Wednesday, February 8, 2017

TWO HUNDRED AND SEVENTEEN YEAR OLD HOUSE NEEDS YOUR HELP


Pictured above the Federal style house constructed between 1798 and 1805 by Colonel William Cunnington, owner of Magnolia Umbra Plantation. The completely restored house, after hurricane Hugo, functions as the administrative offices of Magnolia Cemetery Trust. At the present this house has major termite damage. I have inserted Mr. McDowell's last newsletter in which he explains the necessary repairs to insure the soundness of the structure and the cost involved. Without these repairs the structure will deteriorate beyond repair. To be apart of this effort and make a tax-deductible donation please make checks payable to:
                   Magnolia Cemetery Trust 
                   P. O. Box 22873
                   Charleston, SC 29413

Dear Friends of Magnolia:

           It is very hard to believe that it has been three years since our last communication. The holiday season is upon us once again!

The cemetery is an irreplaceable part of our city, state and national cultural heritage, but much of the historic landscape, buildings and artistic grave markers are endangered as a result of serious neglect. Although Magnolia Cemetery has been a perpetual care cemetery since 1954 and perpetual care has been mandatory since 1974, even today many lots remain without perpetual care. Grave markers are private property, and owners are accountable for the repairs and maintenance.
Some family members have faithfully overseen the upkeep of their loved ones' graves for many years. However, as families have moved away and descendants have passed on, a number of graves have been neglected. A great deal of professional and volunteer conservation work has been performed on damaged headstones, but every year additional grave markers are affected by problems associated with age, ground settling, and inclement weather.
As I reflect on the substantial damage received by Magnolia Cemetery resulting from hurricane Matthew the unexpected cost of the clean up it is obvious that the annual operating budget has suffer. We still have quite a way to go but we can finally see the light at the end of the tunnel. We hope and pray that all our readers in the areas hit by Matthew made it out okay.
In past years, we have been able to use the accrued interest from our portfolio to supplement the operating fund paying for most daily expenses. As you know, interest rates are very low and prices continue to rise.
Most recently, we purchased several new weed-eaters, lawn mowers and made much need repairs to our riding lawn mower. We replaced all deteriorated wood and painted the entire walk bridge. During the October 2015 flood we had the extra expense of repairing our breached flood gate. The Gate was repaired and the threaded valve stem was replaced.  All of these expenses were included in the general maintenance and upkeep of the cemetery. However, the massive tree removal, resulting from hurricane Matthew, totaled over $15,000 made quite a debt to our reserve fund.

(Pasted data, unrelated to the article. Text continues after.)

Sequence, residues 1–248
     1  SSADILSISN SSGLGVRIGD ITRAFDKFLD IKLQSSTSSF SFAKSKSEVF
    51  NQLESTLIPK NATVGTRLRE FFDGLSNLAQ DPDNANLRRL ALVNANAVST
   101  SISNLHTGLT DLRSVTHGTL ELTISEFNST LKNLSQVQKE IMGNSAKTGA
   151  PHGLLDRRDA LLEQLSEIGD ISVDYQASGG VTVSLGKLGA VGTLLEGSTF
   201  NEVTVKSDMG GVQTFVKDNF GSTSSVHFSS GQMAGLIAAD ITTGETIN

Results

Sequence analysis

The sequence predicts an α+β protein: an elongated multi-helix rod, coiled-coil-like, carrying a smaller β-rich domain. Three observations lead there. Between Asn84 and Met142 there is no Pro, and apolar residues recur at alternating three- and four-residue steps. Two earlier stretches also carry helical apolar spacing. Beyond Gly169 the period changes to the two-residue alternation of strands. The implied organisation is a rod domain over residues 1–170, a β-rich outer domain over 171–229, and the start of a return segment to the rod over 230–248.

We are now faced with the financial burden of making extensive repairs to the Plantation house which functions as our office. This buildings along with the architectural value of the landscape by Edward C. Jones are the elements that qualifies the cemetery to be on the National Register of Historic Places. Being on the NRHP allows us to apply for certain grants. So you see how important it is to maintain these structures.
 We have completed a very thorough interior and exterior assessment. The assessment in itself was expensive, $20,000 plus.
The project is set up in three phases:
Site Mobilization……………………………………$ 24,037.86
Immediate Priority………………………………….$  89,561.05
Short Term………………………………………….$  88,116.89
Long Term………………………………………….$    1,981.85
Total Project………………………………………..$ 203,697.65
If the project is not completed in one continuous stage the site mobilization would be applied each time the set up phase is repeated.
  The cemetery has come a long way, because of friends like you, but there is still much work to be done. Your tax-deductible contribution will help us to preserve this cultural treasure by providing funds to help pay for much-needed conservation work on the buildings, road and pathways as well as provide necessary tools, equipment and other improvements to this National Landmark.
Yours very truly,
G. Simms McDowell, III 
Chairman                                                  

Tuesday, September 6, 2016

THE 25TH ANNUAL CONFEDERATE GHOST WALK

                            

  The 25th Annual Confederate Ghost Walk to be held                   October 14 & 15, 2016.  

  Once again the night will come alive with the         history of the past presented by re-enactors in         period attire revealing a day in the life of some of     those buried at Magnolia Cemetery.



  You will be guided by candlelight thru the resting     place of those who lived and died during those hard   times 150 years ago. All scenarios are historically     researched for accuracy.



       Things you need to know:

·       Tours leave every 30 minutes beginning at 7:00 p.m. the last tour leaving at 9:30 p.m. Each tour last for approximately 1 ½ hours.